The bad side of our reserve currency status, although seldom recognized, was that the very leeway that enhanced our current standard of living built up debt (and/or reduced foreign assets) to dangerous levels. I remember well when, in 1985, the United States ceased being a net creditor nation to the rest of the world and, instead, became a net debtor nation. Our net indebtedness has only grown over the years, and hangs over us like the legendary sword of Damocles.
China has since 1994 operated some form of currency peg, harder or softer, between its yuan and the U.S. dollar. While China’s state-run Xinhua news agency has in recent years railed against U.S. management of the dollar, and has called for “a new, stable, and secured global reserve currency,” this week’s Geo-Graphic illustrates why China has little incentive to press for such a thing.
During the 1956 Suez crisis the Eisenhower administration threatened to create a sterling crisis in order to force Britain out of Egypt. A collapse in sterling would have caused minimal collateral financial damage in the United States owing to trivial U.S. government holdings of British securities – amounting to just $1 per U.S. resident. In contrast, China’s holdings of U.S. securities today amount to over $1,000 per Chinese resident. Any major fall in demand for dollar-denominated assets would cause a collapse in the global purchasing power of China’s massive dollar hoard.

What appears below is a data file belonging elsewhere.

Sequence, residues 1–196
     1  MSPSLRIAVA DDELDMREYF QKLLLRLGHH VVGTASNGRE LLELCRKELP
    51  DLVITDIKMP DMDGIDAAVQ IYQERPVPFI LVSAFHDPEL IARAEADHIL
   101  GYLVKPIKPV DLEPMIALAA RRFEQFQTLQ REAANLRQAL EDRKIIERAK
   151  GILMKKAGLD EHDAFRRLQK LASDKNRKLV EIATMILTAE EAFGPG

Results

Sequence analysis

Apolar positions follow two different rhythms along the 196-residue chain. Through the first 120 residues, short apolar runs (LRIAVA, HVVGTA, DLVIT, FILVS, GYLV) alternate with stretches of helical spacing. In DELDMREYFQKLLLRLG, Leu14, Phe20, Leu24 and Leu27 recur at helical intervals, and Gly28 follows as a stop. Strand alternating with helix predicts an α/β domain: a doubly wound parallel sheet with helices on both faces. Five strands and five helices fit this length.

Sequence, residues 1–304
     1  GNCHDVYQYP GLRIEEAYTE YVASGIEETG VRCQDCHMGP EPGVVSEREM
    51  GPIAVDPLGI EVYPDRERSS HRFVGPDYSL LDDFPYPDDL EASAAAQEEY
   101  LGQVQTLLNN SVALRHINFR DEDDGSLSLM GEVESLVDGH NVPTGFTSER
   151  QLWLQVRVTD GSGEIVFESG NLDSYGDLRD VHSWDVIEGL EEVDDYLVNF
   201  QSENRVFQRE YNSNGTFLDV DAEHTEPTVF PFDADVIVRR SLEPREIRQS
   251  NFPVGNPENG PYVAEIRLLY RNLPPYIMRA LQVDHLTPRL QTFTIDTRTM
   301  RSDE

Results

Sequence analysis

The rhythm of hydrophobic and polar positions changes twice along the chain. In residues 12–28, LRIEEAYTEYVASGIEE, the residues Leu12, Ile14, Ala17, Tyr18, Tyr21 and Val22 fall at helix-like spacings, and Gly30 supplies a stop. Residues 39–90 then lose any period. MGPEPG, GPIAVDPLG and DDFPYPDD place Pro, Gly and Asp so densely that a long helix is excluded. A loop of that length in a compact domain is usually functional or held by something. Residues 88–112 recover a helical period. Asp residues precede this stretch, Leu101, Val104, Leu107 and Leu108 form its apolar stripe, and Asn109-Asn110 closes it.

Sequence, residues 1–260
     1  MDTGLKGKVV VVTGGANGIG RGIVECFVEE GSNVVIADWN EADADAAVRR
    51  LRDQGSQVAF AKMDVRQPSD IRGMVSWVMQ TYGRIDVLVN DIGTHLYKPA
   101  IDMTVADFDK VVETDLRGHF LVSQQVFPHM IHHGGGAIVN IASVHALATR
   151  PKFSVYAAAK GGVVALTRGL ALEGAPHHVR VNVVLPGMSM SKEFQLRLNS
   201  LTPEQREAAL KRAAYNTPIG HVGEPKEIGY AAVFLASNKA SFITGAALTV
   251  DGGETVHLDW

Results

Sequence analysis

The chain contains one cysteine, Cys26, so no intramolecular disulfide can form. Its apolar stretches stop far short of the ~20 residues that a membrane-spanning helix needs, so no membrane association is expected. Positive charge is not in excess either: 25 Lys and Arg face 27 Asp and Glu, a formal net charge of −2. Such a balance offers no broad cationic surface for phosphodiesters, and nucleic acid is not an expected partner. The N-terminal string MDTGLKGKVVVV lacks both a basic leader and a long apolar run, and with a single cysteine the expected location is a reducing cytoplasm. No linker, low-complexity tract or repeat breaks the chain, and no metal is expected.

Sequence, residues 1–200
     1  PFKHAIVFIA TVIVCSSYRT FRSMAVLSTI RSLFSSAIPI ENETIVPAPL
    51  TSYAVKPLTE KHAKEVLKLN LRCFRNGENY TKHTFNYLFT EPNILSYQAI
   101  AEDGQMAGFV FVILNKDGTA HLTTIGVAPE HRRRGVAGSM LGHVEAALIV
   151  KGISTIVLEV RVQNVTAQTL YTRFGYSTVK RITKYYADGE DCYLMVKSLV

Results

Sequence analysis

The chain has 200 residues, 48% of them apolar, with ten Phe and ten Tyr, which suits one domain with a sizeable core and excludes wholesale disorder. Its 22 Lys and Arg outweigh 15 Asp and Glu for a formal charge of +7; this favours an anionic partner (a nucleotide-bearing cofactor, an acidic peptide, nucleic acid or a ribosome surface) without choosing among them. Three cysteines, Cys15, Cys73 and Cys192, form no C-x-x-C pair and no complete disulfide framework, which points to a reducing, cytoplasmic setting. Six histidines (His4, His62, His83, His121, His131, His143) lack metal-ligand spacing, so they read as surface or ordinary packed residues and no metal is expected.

Davos-Klosters, Switzerland, 26 January 2013 - China's currency, the renminbi (RMB), will probably not supplant the US dollar as the world's reserve currency, except possibly "in the very long term", said Lawrence H. Summers, Charles W. Eliot University Professor, Harvard University, and a former US Treasury Secretary, in a televised session at the World Economic Forum Annual Meeting today.